All Reasonable Effort

  • Version
    Ed. 1
  • Latest amendment
    01 Mar 2021

The global effort to address contamination from Explosive Ordnance (EO) has invested significant resources in locating and destroying EO and ensuring that previously contaminated land and infrastructure can be released for the benefit of communities. To ensure that these considerable resources are used wisely on the one hand, and that populations can use land safely on the other, the concept of “All Reasonable Effort” (ARE) has been developed within the IMAS framework.


The concept of ARE therefore identifies the need for efforts guided by a reasoned approach to be taken by states affected by EO, which is based on evidence. Such an approach ensures that contamination is identified and cleared without wasting time and precious resources. For States Parties to the Anti-Personnel Mine Ban Convention, the Convention on Cluster Munitions or the Convention on Certain Conventional Weapons, using the concept of ARE does not modify in any way the obligations under those conventions , but provides technical guidance that may assist states in the application of those obligations. ARE highlights the fact that there is a required investment of time and resources to reach the necessary level of confidence that EO has been identified and removed, which is defined as the “minimum acceptable level of effort” in IMAS 04.10 . The challenge faced by National Mine Action Authorities (NMAAs) is to practically define the acceptable level of effort that must be made, according to their local context, through their National Mine Action Standards (NMAS) and in compliance with any international obligations that may apply.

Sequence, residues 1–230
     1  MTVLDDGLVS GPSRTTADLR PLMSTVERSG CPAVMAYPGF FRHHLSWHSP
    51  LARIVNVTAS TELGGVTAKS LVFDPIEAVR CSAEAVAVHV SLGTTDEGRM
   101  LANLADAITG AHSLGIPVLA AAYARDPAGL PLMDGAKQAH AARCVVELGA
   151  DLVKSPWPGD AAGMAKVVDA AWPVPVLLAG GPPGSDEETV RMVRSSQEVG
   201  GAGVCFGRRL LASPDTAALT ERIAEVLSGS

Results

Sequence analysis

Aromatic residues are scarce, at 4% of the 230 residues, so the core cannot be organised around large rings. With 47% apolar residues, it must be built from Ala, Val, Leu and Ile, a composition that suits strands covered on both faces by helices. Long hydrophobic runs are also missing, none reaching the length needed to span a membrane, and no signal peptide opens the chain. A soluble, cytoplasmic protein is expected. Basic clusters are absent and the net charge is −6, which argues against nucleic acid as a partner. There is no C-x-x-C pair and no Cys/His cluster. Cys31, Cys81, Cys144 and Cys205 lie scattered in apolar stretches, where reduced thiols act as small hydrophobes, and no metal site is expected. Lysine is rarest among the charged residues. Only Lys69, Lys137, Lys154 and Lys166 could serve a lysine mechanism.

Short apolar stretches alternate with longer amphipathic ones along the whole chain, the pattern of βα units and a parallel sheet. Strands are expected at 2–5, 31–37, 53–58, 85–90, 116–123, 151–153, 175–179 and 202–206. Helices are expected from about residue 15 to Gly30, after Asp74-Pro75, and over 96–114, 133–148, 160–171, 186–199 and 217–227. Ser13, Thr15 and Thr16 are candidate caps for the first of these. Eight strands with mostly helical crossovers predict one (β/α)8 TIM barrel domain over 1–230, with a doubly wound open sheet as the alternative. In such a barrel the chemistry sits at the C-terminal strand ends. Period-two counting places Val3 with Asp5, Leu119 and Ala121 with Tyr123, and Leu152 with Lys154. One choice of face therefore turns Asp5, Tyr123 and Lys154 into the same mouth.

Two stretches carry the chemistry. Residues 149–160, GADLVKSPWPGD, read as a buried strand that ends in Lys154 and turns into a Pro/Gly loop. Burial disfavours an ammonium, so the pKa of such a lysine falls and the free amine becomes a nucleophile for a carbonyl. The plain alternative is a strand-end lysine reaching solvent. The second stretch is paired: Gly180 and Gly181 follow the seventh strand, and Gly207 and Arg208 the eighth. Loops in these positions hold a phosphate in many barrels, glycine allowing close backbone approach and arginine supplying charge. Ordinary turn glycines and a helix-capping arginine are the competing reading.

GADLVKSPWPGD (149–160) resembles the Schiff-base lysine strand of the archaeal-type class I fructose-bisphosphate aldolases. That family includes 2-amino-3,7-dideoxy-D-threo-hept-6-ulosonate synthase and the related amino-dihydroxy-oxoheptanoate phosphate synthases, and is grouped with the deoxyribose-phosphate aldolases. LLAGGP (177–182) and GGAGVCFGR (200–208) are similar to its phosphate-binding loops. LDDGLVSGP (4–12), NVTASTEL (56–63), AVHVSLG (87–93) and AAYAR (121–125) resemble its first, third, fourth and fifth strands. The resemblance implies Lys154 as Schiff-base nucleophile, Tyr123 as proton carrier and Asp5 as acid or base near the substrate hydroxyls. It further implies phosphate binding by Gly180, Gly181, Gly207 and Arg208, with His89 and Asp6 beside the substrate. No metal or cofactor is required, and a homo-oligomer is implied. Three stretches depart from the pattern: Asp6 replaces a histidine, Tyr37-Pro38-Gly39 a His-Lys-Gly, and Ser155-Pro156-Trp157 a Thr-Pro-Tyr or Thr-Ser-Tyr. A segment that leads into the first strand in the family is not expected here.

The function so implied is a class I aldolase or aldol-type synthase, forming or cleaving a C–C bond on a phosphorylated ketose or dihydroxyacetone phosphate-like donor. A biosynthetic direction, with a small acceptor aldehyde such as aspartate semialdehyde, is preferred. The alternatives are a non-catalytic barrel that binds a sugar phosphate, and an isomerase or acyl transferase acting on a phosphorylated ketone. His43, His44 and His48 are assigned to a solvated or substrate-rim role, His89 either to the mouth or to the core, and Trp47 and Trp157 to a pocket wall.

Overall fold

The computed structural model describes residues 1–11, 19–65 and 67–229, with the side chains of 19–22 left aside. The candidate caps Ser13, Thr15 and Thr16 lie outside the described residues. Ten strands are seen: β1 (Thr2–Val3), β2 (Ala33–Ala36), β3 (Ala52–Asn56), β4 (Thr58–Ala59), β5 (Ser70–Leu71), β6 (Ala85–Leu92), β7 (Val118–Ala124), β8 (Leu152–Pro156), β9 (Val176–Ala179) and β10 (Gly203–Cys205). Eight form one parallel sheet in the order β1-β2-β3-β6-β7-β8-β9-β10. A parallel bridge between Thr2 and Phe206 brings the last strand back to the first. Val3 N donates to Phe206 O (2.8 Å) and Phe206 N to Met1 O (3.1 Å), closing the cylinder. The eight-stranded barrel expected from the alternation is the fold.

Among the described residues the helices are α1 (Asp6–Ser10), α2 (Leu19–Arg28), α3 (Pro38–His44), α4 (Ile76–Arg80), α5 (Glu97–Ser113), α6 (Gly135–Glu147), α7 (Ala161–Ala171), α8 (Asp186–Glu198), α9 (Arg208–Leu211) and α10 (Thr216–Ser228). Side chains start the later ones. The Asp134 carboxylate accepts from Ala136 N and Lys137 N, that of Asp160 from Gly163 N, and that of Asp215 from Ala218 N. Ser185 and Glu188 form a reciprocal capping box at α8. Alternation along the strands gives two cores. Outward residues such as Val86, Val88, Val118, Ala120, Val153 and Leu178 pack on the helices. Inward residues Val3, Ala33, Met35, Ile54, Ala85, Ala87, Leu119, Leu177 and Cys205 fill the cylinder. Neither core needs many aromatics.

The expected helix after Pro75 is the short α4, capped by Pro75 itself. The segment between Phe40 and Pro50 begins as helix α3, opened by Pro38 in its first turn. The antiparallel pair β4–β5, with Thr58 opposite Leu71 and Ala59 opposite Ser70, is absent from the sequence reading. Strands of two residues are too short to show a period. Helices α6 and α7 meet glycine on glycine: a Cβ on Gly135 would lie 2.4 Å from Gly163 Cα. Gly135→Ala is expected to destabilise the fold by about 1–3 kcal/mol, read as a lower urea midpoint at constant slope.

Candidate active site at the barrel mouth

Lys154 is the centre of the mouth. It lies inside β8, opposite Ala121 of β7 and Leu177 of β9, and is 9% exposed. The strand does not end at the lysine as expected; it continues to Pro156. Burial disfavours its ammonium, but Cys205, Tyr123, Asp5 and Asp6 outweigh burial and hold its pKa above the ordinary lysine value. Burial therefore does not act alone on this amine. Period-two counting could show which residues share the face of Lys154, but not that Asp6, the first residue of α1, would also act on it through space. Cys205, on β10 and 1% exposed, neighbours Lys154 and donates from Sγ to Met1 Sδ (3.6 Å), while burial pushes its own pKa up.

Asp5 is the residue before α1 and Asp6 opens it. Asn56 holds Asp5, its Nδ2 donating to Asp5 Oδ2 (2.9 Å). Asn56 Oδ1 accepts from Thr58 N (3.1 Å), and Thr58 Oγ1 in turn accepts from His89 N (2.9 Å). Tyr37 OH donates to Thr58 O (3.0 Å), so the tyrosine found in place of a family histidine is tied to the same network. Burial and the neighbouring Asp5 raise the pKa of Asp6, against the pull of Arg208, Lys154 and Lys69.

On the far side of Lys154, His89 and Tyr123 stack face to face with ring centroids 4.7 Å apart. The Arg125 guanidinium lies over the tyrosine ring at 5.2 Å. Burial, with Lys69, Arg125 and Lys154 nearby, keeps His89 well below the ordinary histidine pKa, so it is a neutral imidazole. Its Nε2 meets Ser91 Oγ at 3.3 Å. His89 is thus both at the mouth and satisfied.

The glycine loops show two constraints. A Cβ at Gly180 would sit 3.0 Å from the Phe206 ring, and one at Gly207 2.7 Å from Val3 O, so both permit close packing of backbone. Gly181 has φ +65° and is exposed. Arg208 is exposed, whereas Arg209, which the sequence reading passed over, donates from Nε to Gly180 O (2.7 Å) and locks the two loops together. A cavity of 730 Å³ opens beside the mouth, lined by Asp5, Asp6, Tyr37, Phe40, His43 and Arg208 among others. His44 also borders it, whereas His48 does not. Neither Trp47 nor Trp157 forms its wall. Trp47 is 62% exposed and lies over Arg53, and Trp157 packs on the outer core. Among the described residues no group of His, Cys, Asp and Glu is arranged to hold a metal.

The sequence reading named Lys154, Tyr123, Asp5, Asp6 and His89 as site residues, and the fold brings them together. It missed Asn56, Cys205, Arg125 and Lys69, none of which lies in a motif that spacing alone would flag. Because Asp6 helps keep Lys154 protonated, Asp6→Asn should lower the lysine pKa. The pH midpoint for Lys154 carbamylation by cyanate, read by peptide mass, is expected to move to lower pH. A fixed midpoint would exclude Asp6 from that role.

In keeping with IMAS guidance, NMAS should establish the evidence-based process that frames ARE and ensures that an area, a defined portion of the country, and eventually the country, no longer contains known EO contamination. The NMAS should lay out the criteria and parameters that constitute ARE for each aspect of Land Release (LR), including what should be done in order to achieve the desired level of confidence that cancelled, reduced and cleared land is free of EO contamination within specified limits. For example, when looking at the steps involved in the Non-Technical Survey (NTS) and Technical Survey (TS), the criteria for cancelling or reducing land should be specifically and clearly described. Similarly, the NMAS chapter that describes `clearance` should determine a minimum clearance depth and minimum target size. These criteria should be developed by NMAAs and agreed upon, in a consultative manner, with mine action operators, local authorities, communities and other relevant stakeholders.


The LR process and its management, as described within the IMAS , is therefore the roadmap for ensuring that ARE is applied within each component of operations, NTS, TS and clearance. This road map must be based on the foundations of good practice in mine action programmes, including established risk management, Information Management (IM), and Quality Management Systems (QMS). These various components of mine action programmes must be integrated into NMAS in order to achieve ARE.


It is important to remember, however, that even when EO-affected states invest appropriate resources and apply ARE to eliminate their EO problems, there is always a residual risk that EO remains . The fact that information is not always accurate means that residual contamination will often persist after proactive efforts to find and eliminate all hazards are completed. For this reason, a long-term risk management strategy and framework is also essential to the concept of ARE.


The following TNMA will review the key elements that are necessary to ensuring that ARE is being applied (including a checklist that summarises these elements). The concept of ARE can be considered as the application of the sum of the guidance available in the IMAS, therefore this TNMA aims to point the reader towards those elements within the many IMAS chapters that are the most important concepts and key elements for mine action managers to consider when developing and reviewing their NMAS to achieve ARE.


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